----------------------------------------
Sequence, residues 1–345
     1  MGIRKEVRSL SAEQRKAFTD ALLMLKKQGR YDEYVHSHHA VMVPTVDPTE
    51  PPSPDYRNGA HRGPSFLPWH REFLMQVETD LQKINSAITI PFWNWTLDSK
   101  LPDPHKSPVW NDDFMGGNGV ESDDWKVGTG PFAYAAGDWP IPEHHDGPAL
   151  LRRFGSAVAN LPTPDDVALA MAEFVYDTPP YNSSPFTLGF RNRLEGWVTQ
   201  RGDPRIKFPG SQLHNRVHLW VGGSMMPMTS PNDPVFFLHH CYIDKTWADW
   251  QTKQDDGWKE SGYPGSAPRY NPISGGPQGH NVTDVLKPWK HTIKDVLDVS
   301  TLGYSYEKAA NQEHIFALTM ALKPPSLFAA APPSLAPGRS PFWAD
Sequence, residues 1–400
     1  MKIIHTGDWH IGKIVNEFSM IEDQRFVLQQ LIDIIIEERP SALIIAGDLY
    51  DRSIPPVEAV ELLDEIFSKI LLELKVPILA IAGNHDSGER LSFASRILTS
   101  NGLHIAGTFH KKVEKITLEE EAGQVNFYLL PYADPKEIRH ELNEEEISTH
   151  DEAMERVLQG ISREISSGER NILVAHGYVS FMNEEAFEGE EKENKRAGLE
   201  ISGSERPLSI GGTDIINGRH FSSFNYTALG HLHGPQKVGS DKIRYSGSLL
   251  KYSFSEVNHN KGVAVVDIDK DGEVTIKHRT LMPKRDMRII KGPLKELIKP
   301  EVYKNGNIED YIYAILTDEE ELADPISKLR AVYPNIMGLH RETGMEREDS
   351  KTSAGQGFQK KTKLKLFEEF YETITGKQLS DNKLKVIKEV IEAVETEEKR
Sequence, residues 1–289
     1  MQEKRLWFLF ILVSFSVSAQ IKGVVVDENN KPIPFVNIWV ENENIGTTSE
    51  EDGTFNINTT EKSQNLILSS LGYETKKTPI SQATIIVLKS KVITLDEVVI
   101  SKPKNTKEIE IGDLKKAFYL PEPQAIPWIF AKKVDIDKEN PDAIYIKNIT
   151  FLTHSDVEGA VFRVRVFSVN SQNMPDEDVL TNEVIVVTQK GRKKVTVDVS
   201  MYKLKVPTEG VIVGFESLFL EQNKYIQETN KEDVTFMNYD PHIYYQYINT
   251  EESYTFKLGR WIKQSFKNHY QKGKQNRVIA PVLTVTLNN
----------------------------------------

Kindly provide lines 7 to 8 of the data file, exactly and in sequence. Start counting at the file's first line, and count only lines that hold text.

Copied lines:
   251  QTKQDDGWKE SGYPGSAPRY NPISGGPQGH NVTDVLKPWK HTIKDVLDVS
   301  TLGYSYEKAA NQEHIFALTM ALKPPSLFAA APPSLAPGRS PFWAD